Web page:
My Manifesto

In 1998, my parents got our home dial-up Internet access for the first time.

The Internet was different back then. Google was in its infancy and barely known--most people used Yahoo, AltaVista, or Lycos to search the Internet (and they sucked). Fandoms stayed in contact through webrings, Usenet, and online mailing lists. Yes, there were corporate websites, but there were also thousands of personal webpages on sites like Tripod, Angelfire, and Geocities. Twitter, Facebook, Instagram, MySpace, and Tumblr did not exist. Webpages were super-simple, and consisted primarily of text, GIFs, and maybe an autoplayed MIDI song file. (There was nothing stopping you from seeing a whole lot of weird porn that you didn't want to see, either, unless the site required your credit-card information to prove you were over 18.)

Yet despite all this, the Internet was fun. There were separate websites for kids, teens, and adults. (Just try finding a genuine just-for-kids or just-for-teens website nowadays. Everyone's expected to share the same handful of websites.) You could read all kinds of interesting opinions, play games, or look at pictures of a strangers' pets. If you saw something you didn't like, you just typed a new URL into the address bar and went somewhere that you knew you did like. More importantly: Big Business and social media did not monopolize everyone's attention. There were no algorithms steering you towards upsetting political topics or trying to sell you stuff. Nobody was tracking your web-surfing habits to sell to the highest bidder. Conversations were on small forums of a few hundred people, not on behemoths like Twitter and Facebook. People could be anonymous and use silly usernames without anyone acting like we had something sinister to hide.

When you searched for something, you got a wide range of websites. You didn't have to type "-pinterest" because there was no Pinterest. There was no SEO, so independent websites were equally as likely as the corporate stuff to show up near the top of a search. Google was not holding you back by limiting your search results to pages on a handful of websites.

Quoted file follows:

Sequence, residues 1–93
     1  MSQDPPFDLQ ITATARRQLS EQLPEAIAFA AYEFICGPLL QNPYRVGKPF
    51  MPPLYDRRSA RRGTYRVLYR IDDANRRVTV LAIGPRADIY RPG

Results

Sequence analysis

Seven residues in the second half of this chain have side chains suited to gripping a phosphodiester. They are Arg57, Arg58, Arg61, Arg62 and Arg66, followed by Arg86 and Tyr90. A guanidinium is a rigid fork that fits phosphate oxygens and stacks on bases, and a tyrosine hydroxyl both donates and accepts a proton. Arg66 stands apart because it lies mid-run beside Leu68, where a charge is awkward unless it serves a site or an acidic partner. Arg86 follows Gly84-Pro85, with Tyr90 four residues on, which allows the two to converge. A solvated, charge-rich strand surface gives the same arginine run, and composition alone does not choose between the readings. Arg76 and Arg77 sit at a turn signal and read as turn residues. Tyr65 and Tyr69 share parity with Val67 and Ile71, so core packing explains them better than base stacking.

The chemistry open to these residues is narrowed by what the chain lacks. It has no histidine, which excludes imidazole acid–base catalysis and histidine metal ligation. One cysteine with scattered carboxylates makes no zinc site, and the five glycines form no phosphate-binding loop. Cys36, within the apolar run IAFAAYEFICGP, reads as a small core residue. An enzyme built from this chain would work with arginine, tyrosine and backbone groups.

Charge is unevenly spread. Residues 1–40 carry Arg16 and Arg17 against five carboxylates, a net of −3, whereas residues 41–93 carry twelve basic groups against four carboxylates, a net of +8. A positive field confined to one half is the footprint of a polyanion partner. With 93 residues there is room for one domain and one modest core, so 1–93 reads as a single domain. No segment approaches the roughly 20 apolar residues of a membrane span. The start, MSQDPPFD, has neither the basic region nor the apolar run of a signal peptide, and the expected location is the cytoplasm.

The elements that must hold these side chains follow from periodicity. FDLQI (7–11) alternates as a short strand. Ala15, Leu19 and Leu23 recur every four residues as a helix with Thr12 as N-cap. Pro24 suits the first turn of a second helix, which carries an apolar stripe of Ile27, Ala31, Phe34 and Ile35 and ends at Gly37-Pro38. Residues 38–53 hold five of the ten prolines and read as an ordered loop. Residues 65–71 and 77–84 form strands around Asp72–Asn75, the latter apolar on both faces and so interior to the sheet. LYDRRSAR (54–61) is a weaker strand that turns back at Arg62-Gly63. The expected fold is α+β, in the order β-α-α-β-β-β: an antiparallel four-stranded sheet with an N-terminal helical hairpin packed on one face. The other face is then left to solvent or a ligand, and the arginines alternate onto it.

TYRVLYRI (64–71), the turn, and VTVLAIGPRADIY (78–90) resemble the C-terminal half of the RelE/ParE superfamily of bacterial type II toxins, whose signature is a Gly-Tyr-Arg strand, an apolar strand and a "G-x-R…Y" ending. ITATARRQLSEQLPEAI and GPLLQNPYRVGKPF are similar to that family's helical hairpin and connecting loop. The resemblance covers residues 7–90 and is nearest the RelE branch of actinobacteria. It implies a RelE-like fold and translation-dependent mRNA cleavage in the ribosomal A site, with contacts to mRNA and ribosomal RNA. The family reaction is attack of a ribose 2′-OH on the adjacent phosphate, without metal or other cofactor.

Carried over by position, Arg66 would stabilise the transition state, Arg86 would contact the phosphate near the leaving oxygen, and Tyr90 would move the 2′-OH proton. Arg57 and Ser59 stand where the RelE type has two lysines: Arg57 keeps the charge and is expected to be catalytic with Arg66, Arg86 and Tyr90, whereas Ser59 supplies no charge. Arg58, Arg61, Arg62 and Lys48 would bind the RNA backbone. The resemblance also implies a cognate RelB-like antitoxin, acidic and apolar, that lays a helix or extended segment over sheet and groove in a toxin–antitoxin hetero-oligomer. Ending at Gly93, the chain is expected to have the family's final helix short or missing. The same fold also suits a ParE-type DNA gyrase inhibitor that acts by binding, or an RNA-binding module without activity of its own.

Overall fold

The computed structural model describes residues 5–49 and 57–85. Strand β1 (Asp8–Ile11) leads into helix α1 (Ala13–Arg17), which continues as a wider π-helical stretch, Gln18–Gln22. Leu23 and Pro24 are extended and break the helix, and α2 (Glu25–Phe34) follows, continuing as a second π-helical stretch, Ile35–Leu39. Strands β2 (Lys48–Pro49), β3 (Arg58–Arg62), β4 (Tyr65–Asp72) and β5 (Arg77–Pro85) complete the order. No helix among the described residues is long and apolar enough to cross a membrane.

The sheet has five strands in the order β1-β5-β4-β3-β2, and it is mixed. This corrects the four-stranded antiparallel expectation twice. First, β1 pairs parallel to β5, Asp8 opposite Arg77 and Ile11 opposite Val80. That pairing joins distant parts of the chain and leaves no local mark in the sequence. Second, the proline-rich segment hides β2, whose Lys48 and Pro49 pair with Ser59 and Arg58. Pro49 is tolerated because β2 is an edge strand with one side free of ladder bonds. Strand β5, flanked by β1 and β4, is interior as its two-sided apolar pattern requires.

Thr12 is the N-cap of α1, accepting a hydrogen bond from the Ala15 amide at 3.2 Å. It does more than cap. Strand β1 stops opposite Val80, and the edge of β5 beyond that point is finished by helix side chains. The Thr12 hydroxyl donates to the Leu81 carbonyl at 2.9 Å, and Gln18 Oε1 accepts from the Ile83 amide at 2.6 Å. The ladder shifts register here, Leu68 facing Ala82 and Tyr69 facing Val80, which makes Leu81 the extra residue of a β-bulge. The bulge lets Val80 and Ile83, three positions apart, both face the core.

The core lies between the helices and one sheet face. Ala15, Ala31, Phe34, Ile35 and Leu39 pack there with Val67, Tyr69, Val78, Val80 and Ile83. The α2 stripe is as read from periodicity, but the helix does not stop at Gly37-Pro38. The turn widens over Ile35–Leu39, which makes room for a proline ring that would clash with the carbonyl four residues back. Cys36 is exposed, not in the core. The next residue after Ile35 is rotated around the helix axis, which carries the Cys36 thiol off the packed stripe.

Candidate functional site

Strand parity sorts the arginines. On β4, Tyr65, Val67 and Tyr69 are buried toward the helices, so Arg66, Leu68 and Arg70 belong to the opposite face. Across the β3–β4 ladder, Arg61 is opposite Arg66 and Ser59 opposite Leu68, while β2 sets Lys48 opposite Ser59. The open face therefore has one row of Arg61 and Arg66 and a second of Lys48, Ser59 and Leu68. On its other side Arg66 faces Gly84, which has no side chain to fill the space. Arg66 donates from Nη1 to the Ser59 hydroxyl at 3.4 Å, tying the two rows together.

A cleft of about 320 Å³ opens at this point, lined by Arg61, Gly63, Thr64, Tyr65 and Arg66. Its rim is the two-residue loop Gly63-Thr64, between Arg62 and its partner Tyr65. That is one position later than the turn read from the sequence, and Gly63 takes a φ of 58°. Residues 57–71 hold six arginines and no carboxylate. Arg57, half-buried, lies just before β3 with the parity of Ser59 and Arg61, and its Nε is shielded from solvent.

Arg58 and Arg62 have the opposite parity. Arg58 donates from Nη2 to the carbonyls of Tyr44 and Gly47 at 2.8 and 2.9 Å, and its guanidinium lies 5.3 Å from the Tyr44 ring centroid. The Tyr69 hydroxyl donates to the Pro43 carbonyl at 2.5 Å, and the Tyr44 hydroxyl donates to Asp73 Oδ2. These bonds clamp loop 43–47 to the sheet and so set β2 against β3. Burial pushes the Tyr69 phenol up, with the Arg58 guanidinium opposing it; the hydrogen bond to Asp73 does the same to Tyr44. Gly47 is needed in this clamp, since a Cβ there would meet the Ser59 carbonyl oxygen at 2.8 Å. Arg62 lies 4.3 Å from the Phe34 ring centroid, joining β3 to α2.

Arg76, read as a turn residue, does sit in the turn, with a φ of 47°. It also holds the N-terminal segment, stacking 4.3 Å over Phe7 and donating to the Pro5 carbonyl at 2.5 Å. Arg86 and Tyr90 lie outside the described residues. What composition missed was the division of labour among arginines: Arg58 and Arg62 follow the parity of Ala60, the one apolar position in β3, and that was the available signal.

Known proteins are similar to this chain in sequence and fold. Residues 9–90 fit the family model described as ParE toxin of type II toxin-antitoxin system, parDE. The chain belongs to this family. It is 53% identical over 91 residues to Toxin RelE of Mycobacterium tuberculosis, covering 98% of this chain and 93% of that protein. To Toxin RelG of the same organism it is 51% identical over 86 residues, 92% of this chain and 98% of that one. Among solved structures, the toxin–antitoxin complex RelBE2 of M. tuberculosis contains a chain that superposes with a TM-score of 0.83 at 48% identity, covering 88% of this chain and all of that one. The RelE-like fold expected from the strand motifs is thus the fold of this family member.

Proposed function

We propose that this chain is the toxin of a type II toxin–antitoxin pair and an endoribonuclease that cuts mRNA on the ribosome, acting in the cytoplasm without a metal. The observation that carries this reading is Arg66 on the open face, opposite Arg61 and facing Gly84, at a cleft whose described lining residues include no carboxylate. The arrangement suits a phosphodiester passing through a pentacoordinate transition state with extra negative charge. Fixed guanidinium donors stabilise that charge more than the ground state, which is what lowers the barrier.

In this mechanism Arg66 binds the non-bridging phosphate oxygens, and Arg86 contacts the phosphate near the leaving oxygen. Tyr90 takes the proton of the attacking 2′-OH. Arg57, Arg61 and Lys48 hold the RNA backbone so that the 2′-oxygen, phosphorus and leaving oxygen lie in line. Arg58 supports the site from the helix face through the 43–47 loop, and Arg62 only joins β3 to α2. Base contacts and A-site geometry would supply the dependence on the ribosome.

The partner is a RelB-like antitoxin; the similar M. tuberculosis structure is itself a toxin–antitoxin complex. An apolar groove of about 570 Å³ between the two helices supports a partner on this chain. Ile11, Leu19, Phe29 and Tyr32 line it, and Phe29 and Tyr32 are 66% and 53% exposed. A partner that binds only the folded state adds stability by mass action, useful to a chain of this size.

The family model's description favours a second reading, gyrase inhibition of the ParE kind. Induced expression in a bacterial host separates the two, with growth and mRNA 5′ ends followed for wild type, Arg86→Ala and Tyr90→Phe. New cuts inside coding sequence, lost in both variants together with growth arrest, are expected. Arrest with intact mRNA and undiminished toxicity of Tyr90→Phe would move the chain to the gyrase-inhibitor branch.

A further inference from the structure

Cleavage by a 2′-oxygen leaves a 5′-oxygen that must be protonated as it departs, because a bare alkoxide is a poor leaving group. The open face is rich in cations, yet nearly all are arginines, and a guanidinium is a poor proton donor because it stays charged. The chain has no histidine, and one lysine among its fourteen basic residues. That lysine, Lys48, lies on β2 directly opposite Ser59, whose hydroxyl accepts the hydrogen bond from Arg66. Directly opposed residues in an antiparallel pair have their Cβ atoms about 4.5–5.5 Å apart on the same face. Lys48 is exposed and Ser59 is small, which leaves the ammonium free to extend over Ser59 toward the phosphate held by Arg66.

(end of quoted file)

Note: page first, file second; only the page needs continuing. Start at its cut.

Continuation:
I want that aspect of the Internet back. The freedom. The anonymity. The spaces untainted by corporate greed and advertising algorithms. That's why I use Neocities. That's why I link to pages that are independent and, when possible, ad-free. Web 2.0 and Web 3.0 were a mistake. Let's bring the spirit of Web 1.0 back.

Post your own manifesto if you want it back too.

What other people have said about the project to bring back the old Internet:

Sadgrl's Manifesto
Pixelglade's Maniesto
Liminal Librarian: Why Neocities
The Small Web (also has tips on making your own site!)
MILFGod: Death of the original Cyberspace
Say No to Web 3.0
The Atlantic: Advertising Is the Internet's Original Sin
Columbia Journalism Review: Building a More Honest Internet
Always Own Your Platform
How the webcomic business has changed

If you want to make your own website, keep it simple. As this article reminds us, not everyone has mad computer skills, and many people can barely use a computer at all. Make it easy to read and simple to navigate. Knowing about color theory can help as well.

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